No island adventure is complete without visiting a volcano! For just $15, enter a national park of 323,431 acres filled with unusual hiking trails and camping opportunities. You will definitely want at least a whole day dedicated to checking out the trails, sights, and exhibits.
The Hawai’i Volcanoes National Park is celebrating 100 years in 2016, founded in 1916. It encompasses two active volcanoes: Kīlauea, one of the world’s most active volcanoes, and Mauna Loa, the world’s most massive subaerial (formed on the earth’s surface, not underwater or underground) volcano.
My mother and I went to the park at the beginning of July and the weather was perfect. Clouds blocked the sun – perfect because the sun doesn’t love me – and soft breezes accompanied us throughout our hikes.
Before setting out on hikes, we visited some of the exhibits in the Kīlauea Visitor Center and learned about the surrounding area. They had information and lots of art on Pele, the Hawaiian Volcano Goddess. There is also a ton of info on Hawaiian plants on the hiking trails such as hāpu’u pulu, ‘ama’u, ‘uki, kōlea lau nui, pilo, uluhe, ʻōhelo kau lāʻau, hoi kuahiwi, and ‘ilihia. There are also endangered gooses called nēnē that live in the park.
If you traveled to the park with only a day to check this place out like me, I’d recommend the sulfur banks as a first stop. They were just a short walk from the first exhibit we passed, and while this is an easy, 1-mile walk, you must be in good health to visit this part of the park. There were caution signs everywhere with constant warnings of possible death:
If you can make it, definitely go. Seeing the sulfur dioxide escape from the underground as white smog was like entering another planet. I don’t recommend breathing in the stuff though, as it’s heated and smells like foul gas. Important note: stick to the trails for this adventure. You can become seriously injured with burns if you step off the trail. In 1996, a boy slipped his leg into a steaming ground crack and with a steam temperature of 150℉, causing serious injury.
If you want something less gaseous, I recommend the Thurston Lava Tube. There’s a 20-minute, 1/3 mile trail through lush forest before you come to a primordial-looking cave. It’s a beautiful short walk through the tunnel with dim-blonde lights to guide you through. My favorite parts of the tunnel were tree roots dangling down through the ceiling.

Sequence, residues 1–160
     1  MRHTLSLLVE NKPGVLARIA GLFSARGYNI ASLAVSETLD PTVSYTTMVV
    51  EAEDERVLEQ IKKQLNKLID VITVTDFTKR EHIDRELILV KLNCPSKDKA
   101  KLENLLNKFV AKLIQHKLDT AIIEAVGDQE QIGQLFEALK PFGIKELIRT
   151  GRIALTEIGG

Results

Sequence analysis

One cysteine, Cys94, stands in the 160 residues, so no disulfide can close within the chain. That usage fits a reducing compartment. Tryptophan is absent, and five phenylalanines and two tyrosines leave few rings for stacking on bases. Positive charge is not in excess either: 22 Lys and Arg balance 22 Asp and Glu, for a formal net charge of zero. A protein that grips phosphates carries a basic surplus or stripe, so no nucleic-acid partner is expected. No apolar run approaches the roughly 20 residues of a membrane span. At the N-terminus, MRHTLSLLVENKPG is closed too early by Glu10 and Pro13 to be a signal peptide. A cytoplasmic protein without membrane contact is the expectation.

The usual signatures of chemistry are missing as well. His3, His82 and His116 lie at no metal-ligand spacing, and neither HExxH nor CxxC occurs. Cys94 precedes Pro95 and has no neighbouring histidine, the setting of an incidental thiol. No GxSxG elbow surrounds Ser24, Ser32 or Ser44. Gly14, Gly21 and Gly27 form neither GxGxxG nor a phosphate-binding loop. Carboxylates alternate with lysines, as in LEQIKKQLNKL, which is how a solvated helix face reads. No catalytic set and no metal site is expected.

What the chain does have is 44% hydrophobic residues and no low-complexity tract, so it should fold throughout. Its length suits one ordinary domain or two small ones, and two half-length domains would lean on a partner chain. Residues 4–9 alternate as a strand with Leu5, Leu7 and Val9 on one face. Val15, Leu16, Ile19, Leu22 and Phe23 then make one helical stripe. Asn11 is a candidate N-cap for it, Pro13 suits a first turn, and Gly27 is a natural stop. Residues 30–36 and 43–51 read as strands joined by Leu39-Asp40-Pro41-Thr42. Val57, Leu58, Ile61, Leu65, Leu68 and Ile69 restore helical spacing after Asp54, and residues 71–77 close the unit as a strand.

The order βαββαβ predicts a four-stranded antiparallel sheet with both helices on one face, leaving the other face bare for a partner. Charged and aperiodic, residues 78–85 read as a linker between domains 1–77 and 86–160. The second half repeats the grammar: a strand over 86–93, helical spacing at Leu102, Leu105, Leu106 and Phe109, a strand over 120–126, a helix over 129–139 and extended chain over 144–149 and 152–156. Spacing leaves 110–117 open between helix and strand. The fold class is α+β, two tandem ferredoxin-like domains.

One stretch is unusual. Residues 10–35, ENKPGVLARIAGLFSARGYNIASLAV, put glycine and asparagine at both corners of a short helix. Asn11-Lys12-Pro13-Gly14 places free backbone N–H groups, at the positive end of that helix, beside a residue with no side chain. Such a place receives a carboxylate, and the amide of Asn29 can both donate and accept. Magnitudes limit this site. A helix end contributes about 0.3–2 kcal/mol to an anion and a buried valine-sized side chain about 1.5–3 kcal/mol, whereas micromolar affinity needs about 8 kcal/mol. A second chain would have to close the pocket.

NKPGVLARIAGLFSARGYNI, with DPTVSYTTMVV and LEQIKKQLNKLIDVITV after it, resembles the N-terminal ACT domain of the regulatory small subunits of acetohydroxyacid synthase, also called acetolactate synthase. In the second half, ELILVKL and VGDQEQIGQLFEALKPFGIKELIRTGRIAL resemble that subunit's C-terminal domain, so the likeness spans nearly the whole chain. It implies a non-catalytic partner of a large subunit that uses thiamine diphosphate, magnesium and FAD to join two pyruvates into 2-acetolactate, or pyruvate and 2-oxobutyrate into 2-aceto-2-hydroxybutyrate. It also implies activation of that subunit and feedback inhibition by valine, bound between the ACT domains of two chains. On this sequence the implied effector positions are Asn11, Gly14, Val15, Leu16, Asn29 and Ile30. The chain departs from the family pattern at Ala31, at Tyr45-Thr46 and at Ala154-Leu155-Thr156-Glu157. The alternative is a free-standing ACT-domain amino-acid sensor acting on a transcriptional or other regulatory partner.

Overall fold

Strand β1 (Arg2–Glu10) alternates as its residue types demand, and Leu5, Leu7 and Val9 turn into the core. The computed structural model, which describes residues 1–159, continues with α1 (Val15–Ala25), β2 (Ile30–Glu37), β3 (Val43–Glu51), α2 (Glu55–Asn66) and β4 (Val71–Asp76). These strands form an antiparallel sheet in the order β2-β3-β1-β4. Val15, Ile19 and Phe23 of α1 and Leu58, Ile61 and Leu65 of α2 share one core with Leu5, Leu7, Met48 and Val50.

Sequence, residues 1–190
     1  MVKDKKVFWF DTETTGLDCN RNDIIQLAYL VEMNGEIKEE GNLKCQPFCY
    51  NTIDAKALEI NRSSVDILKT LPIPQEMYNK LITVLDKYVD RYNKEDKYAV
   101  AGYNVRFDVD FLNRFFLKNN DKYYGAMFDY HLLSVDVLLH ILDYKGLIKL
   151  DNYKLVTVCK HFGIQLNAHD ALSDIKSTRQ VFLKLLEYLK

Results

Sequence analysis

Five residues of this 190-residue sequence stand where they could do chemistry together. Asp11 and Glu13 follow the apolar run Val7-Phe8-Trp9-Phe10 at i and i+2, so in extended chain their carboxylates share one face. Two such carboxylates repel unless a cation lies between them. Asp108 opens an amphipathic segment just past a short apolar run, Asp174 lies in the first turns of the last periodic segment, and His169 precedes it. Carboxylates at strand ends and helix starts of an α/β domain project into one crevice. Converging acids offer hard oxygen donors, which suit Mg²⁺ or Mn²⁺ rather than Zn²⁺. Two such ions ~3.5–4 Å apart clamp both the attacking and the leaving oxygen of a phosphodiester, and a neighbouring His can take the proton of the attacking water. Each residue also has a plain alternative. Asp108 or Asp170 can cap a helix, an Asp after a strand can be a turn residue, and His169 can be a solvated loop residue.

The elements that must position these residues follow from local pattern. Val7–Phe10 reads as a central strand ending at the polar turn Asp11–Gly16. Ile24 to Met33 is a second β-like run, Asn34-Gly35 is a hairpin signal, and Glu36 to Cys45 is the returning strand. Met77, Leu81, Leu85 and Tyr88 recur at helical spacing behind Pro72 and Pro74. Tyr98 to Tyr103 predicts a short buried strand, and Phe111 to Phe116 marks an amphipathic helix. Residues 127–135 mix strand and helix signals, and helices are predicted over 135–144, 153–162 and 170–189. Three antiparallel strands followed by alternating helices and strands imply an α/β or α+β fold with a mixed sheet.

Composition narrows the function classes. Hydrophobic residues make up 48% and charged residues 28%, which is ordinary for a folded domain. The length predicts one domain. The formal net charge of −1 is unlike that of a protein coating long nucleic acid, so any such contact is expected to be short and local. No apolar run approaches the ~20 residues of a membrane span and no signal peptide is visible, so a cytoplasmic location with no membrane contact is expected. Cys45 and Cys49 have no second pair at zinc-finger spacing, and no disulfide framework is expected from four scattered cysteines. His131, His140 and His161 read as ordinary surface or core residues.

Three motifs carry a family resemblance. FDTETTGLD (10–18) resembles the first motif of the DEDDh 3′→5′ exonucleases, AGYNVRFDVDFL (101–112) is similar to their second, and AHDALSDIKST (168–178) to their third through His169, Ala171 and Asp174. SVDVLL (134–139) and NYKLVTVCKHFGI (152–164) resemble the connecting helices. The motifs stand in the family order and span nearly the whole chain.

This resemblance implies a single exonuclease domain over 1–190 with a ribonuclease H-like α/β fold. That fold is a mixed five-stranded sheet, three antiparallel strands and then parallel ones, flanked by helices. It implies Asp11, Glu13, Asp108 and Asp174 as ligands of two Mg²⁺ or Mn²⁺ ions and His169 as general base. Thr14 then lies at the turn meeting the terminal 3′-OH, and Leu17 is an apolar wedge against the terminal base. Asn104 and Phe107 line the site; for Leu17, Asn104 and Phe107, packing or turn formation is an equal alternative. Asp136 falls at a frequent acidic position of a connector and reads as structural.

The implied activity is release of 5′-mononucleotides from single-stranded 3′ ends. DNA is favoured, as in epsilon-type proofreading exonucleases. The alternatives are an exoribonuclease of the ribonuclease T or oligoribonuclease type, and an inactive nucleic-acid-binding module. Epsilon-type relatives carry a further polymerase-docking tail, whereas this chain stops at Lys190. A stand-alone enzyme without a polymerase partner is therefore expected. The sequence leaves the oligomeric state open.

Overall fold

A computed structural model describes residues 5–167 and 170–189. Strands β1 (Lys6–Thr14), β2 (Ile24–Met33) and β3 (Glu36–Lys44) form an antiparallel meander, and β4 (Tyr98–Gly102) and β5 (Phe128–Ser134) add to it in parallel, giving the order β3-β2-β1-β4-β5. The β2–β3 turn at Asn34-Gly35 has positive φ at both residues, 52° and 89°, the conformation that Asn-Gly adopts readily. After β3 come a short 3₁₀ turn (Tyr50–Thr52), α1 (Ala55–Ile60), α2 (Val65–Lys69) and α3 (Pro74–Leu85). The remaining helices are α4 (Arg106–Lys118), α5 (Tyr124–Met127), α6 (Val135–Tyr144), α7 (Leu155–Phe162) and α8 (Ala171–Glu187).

My mother and I hiked around the crater a lot. The Kīlauea Summit Trails offered epic views of the volcano and lush surrounding forest. The Halema’uma’u Trail had moderate difficulty featuring a lovely moss tunnel. We only walked part of the Crater Rim trail, as the whole thing is around 11 miles, perfect for those desiring a bigger challenge. But there were many more trails, including one called Devastation Trail that’s paved with wheelchair access. There are also biking trails, so explore!
There are also places to chill, like the Volcano House where I ate dinner after hiking the trails. Their food was fantastic and the seating had a view of the crater (at least I think it did, it was a little foggy) and lush land. I had a Lilikoi soda with my meal, which I recommend if you want some you can’t normally have outside Hawaii. There were also shops filled with books, posters, and handmade crafts.
My highest recommendation for this park is to stay until nightfall. For me, that was around 7:30pm. Bring a light jacket, as the park gets cooler when the sun sets. Go to the Jagger Museum where you can check out the souvenir store and read about the geography and history of the area. Just outside the museum is a view of the crater. When the fog dissipated from the dark, I saw the lava glow.
I wasn’t the only person who has been told about this, so there was a crowd checking this scene out. It might be worth coming early. The glow was superb, like a giant bonfire and I wished I stayed to stare longer.
If you ever find yourself on the big island of Hawaii, check out the Hawai’i Volcanoes National Park. It may even be a reason to just to visit Hawaii on its own. I’m sure what I’ve experienced was only a taste of that park. There are also camping opportunities, tours, lodging, and zip-lining. So go for it! A volcano-island adventure awaits!